About a week after that post, a man named Michael Wolf contacted the Bonneville County Courthouse in Idaho Falls in search of court records regarding Mr. VanderSloot. Specifically, Mr. Wolf wanted all the documents dealing with Mr. VanderSloot's divorces, as well as a case involving a dispute with a former Melaleuca employee.
Mr. Wolf sent a fax to the clerk's office—which I have obtained—listing four cases he was after. He would later send a second fax, asking for three further court cases dealing with either Melaleuca or Mr. VanderSloot. Mr. Wolf listed only his name and a private cellphone number.
Some digging revealed that Mr. Wolf was, until a few months ago, a law clerk on the Democratic side of the Senate Permanent Subcommittee on Investigations. He's found new work. The ID written out at the top of his faxes identified them as coming from "Glenn Simpson." That's the name of a former Wall Street Journal reporter who in 2009 founded a D.C. company that performs private investigative work.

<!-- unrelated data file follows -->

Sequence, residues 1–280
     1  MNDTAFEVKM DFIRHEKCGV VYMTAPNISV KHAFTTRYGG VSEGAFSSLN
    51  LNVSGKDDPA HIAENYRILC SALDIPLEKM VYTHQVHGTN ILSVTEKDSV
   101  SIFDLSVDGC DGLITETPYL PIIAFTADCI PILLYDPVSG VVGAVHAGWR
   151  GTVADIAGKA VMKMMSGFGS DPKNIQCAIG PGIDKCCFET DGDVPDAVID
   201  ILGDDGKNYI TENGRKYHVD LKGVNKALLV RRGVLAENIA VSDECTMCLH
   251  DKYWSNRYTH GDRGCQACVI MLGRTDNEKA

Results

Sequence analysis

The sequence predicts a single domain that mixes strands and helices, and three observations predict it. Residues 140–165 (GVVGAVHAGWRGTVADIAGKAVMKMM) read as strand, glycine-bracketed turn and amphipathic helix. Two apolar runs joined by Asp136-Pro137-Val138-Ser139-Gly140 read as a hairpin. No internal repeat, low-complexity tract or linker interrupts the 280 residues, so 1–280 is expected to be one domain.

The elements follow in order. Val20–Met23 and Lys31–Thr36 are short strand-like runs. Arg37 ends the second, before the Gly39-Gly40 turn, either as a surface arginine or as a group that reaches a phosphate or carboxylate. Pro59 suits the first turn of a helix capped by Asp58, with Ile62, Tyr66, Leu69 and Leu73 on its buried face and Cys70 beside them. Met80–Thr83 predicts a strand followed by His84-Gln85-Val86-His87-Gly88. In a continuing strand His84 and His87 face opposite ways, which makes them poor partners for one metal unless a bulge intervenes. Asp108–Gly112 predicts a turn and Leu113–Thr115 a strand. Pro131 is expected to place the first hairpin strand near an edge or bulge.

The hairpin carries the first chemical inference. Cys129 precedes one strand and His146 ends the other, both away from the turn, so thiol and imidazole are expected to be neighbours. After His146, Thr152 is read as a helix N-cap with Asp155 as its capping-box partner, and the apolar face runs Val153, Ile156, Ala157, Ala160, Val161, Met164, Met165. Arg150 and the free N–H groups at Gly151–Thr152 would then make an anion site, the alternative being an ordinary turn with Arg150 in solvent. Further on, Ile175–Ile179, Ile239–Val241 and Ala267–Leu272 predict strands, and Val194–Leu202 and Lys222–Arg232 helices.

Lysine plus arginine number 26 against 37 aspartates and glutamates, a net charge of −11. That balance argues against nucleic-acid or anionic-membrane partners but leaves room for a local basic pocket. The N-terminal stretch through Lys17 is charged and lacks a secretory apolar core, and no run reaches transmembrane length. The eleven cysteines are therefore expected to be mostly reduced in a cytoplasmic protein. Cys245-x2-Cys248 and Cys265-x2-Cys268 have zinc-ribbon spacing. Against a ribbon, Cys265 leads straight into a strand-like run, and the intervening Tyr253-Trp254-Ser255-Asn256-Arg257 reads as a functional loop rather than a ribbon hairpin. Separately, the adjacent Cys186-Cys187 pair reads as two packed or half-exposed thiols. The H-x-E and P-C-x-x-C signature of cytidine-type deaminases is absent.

The website for that company, Fusion GPS, describes itself as providing "strategic intelligence," with expertise in areas like "politics." That's a polite way of saying "opposition research."
When I called Fusion's main number and asked to speak to Michael Wolf, a man said Mr. Wolf wasn't in the office that day but he'd be in this coming Monday. When I reached Mr. Wolf on his private cell, he confirmed he had until recently worked at the Senate.
When I asked what his interest was in Mr. VanderSloot's divorce records, he hesitated, then said he didn't want to talk about that. When I asked what his relationship was with Fusion, he hesitated again and said he had "no comment." "It's a legal thing," he added.
Fusion dodged my calls, so I couldn't ask who was paying it to troll through Mr. VanderSloot's divorce records. Mr. Simpson finally sent an email stating: "Frank VanderSloot is a figure of interest in the debate over civil rights for gay Americans. As his own record on gay issues amply demonstrates, he is a legitimate subject of public records research into his lengthy history of legal disputes."